Monthly Company Performance

BMI view: In this month's agricultural company performance roundup, we maintain our long-held view for the outperformance of livestock producers and biscuit/flour makers, compared to the underperformance of sugar and agricultural input equities. Within the agricultural input companies, we now see the outperformance of fertiliser producers compared to seeds and machinery, as we believe share prices for fertiliser companies will stabilise after being dragged down by the recent collapse of the Russian-Belarusian cartel .

We maintain our long-held view that livestock and biscuit/flour companies will outperform the rest of the agricultural complex over the coming months. We believe cocoa companies will be top performers too, but believe this view is more difficult to play as Barry Callebaut is one of the only pure players in the cocoa sector. We believe livestock and biscuit/flour companies will benefit from a rebound in margins in the short term on the back of sharp moderations in grain prices. In fact, our view for grain prices to moderate in Q213 has played out spectacularly, with strong US corn and soybean harvests expected this season, while European wheat crops are also seeing a recovery. The S&P GSCI Grains index has fallen by 22.0% since June and, although we see most of the losses in prices behind us, we expect lower prices will start being fed into producer margins in the near term.

Livestock On Top
Select Sub-sectors - Average Three-Month Share Price Performance Of Constituent Companies (% Chg)

We expect companies like Tyson Foods and JBS to continue to perform strongly compared to the rest of the agricultural complex. (see 'Global Company Strategy' for JBS and Tyson). JBS and Tyson have seen their share price rise by 24.9% and 22.3% respectively in the past three months, benefitting from improving conditions in the US beef sector, growth in the poultry sector and moderating feed prices. Even if these companies' price/earnings ratios are close to a top, we are not calling yet for their share prices to lose ground in the near term as we believe there is more room for margins to recover and as investor sentiment has been improving towards the US livestock industry as a whole.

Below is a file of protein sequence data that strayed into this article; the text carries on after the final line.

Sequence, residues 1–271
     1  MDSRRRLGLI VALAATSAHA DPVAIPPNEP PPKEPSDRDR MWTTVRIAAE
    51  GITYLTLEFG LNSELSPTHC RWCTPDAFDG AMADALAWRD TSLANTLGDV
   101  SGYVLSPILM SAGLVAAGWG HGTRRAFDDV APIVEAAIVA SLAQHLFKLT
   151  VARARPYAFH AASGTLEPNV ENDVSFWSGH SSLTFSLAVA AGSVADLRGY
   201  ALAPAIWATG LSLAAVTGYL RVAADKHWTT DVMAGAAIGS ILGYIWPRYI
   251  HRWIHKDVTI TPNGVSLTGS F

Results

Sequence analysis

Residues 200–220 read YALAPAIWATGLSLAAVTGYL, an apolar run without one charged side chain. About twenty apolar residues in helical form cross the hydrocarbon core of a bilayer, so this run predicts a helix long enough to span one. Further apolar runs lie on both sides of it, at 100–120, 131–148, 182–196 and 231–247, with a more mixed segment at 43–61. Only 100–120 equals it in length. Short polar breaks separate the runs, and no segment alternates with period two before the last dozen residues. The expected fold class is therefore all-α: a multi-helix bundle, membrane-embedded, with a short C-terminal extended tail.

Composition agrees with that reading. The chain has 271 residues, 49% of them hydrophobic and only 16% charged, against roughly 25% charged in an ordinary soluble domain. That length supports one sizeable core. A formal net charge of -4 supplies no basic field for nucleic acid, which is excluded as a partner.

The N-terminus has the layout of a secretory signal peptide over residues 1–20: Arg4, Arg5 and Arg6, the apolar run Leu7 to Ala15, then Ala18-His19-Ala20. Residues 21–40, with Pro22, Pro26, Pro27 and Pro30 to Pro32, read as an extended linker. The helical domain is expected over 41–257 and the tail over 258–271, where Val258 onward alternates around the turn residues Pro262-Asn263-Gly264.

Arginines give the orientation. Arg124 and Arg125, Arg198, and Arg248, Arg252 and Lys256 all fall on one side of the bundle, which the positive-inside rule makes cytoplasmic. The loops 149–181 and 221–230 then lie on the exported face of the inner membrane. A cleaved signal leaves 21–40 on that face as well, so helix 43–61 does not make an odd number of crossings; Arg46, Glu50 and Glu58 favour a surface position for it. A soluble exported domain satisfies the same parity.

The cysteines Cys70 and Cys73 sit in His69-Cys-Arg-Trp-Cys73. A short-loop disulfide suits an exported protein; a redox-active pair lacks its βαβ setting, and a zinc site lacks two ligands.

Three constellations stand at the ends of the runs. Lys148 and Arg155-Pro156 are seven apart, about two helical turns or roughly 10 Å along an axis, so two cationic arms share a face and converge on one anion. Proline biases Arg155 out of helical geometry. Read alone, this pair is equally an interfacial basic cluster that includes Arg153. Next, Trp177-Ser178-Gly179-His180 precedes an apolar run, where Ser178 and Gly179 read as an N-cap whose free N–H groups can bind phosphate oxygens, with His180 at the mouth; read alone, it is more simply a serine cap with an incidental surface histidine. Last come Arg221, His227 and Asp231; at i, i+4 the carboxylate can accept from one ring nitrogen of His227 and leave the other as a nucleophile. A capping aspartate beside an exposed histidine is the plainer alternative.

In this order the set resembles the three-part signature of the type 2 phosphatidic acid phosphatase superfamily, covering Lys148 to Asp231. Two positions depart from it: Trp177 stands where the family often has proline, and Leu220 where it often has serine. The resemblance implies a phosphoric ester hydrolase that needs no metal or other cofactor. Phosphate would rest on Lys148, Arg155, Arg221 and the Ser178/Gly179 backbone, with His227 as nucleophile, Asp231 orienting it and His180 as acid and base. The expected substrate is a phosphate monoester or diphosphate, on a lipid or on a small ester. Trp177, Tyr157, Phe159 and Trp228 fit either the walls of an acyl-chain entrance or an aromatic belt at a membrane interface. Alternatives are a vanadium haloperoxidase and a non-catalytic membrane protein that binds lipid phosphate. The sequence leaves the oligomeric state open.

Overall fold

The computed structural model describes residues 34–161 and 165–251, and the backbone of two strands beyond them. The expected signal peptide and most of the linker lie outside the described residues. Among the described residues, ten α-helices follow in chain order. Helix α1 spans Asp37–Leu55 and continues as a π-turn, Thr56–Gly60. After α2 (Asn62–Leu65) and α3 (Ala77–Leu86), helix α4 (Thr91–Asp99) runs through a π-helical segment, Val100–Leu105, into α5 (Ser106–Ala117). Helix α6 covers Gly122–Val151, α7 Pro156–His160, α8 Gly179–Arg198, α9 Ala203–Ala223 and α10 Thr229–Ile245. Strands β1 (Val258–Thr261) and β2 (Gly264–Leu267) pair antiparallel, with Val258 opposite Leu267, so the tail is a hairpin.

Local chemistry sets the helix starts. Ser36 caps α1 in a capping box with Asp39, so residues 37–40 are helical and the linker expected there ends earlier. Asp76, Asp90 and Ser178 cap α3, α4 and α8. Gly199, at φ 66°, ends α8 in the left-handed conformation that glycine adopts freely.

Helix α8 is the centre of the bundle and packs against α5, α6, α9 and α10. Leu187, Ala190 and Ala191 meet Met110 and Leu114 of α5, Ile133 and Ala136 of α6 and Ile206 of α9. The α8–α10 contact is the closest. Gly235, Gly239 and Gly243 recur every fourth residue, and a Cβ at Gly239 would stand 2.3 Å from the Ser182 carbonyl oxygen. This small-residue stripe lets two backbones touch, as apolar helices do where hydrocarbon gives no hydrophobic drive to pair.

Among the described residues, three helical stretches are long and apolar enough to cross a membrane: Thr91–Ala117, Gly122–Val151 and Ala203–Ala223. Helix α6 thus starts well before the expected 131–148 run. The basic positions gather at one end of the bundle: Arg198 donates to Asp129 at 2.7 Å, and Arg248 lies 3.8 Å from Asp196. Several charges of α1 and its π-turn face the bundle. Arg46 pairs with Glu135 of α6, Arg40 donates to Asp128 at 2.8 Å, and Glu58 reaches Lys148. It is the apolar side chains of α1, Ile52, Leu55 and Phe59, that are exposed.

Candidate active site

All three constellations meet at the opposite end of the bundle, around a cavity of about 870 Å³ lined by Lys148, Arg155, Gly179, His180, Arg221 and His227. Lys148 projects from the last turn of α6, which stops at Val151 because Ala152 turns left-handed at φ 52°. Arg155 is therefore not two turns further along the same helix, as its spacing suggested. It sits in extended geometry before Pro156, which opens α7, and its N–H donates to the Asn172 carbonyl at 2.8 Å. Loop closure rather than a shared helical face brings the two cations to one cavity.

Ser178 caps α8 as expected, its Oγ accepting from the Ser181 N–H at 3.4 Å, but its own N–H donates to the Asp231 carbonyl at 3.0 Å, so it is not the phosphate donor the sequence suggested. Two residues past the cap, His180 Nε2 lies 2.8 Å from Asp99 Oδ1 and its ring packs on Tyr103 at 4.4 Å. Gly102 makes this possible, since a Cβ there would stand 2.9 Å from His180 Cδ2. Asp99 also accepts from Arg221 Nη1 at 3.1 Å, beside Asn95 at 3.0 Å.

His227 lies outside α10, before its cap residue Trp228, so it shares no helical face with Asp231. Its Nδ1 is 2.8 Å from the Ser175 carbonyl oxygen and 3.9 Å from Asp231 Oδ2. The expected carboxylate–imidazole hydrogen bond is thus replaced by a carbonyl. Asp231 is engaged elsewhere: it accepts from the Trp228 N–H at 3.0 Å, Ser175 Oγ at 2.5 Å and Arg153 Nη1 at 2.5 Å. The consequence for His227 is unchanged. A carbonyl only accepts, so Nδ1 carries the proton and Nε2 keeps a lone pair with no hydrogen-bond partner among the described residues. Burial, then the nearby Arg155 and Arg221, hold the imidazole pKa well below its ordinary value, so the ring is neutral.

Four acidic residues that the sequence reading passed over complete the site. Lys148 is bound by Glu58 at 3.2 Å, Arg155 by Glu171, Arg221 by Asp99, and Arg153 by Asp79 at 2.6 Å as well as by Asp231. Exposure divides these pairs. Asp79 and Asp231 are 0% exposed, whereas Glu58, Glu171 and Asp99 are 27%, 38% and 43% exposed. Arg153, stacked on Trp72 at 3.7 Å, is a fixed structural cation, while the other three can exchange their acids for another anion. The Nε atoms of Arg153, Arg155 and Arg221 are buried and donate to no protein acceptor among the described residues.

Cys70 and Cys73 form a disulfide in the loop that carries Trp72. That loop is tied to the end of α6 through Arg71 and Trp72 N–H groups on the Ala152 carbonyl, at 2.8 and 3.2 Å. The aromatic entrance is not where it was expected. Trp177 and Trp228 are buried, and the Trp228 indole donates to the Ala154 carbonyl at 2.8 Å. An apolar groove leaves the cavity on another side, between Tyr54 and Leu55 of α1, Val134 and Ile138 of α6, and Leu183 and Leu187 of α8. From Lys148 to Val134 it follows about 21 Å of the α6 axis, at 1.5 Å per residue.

Tyson & Premier Foods Ripping All The Gains
Select Companies - Share Prices (Rebased)

We maintain our view for sugar and agricultural input companies to underperform the agricultural complex. Sugar companies have returned -2.9% over the past three months and we expect them to perform relatively poorly over the coming quarters. This is because sugar prices have come down a long way in the past months losing 27.7% since the start of 2013. Even though margins for major Brazilian producers such as São Martinho have been cushioned by the strength in the ethanol sector and advantageous forward contract prices (at USc20.40/lb in June for São Martinho), global price weakness will eventually impact margins and leave producers' valuation subdued in the coming months. This will be exaggerated by the already high trailing P/E seen in the sector (São Martinho trades at 27.0x compared to 25.0x for the Bovespa). Also, even though we called for prices to bottom around the USc15-16/lb area, we see minimal recovery potential in the coming year as we forecast prices to average USc17.50/lb in 2013 and USc17.00/lb in 2014.